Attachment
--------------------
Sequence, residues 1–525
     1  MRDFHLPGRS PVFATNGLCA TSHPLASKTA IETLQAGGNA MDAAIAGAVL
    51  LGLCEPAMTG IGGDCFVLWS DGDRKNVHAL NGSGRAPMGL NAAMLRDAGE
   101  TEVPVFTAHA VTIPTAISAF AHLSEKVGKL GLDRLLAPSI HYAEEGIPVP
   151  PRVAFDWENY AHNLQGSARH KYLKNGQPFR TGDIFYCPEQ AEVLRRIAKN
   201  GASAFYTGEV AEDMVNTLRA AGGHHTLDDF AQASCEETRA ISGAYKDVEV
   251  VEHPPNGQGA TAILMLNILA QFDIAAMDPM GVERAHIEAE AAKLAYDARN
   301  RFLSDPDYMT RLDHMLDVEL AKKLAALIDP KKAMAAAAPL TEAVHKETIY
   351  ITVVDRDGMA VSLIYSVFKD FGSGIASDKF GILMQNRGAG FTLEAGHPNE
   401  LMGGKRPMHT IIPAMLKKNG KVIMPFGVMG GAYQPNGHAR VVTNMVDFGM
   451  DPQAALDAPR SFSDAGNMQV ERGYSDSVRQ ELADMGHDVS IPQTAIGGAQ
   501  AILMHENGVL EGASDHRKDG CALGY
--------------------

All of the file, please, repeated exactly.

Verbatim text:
Sequence, residues 1–525
     1  MRDFHLPGRS PVFATNGLCA TSHPLASKTA IETLQAGGNA MDAAIAGAVL
    51  LGLCEPAMTG IGGDCFVLWS DGDRKNVHAL NGSGRAPMGL NAAMLRDAGE
   101  TEVPVFTAHA VTIPTAISAF AHLSEKVGKL GLDRLLAPSI HYAEEGIPVP
   151  PRVAFDWENY AHNLQGSARH KYLKNGQPFR TGDIFYCPEQ AEVLRRIAKN
   201  GASAFYTGEV AEDMVNTLRA AGGHHTLDDF AQASCEETRA ISGAYKDVEV
   251  VEHPPNGQGA TAILMLNILA QFDIAAMDPM GVERAHIEAE AAKLAYDARN
   301  RFLSDPDYMT RLDHMLDVEL AKKLAALIDP KKAMAAAAPL TEAVHKETIY
   351  ITVVDRDGMA VSLIYSVFKD FGSGIASDKF GILMQNRGAG FTLEAGHPNE
   401  LMGGKRPMHT IIPAMLKKNG KVIMPFGVMG GAYQPNGHAR VVTNMVDFGM
   451  DPQAALDAPR SFSDAGNMQV ERGYSDSVRQ ELADMGHDVS IPQTAIGGAQ
   501  AILMHENGVL EGASDHRKDG CALGY